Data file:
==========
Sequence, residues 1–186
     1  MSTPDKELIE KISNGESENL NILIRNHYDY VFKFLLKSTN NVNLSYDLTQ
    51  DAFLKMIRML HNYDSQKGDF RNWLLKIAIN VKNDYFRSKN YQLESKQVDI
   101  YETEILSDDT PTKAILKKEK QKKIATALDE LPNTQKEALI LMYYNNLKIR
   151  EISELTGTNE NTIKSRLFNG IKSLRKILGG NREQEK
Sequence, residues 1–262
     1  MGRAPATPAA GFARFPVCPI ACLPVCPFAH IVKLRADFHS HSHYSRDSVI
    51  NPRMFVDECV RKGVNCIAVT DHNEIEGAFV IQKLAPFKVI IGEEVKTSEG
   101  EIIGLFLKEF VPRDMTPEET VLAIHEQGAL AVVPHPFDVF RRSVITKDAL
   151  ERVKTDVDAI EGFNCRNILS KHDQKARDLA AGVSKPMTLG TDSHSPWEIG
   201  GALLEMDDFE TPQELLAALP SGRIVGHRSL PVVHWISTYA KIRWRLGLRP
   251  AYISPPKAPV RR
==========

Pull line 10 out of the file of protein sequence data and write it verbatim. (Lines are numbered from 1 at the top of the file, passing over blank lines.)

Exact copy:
   151  ERVKTDVDAI EGFNCRNILS KHDQKARDLA AGVSKPMTLG TDSHSPWEIG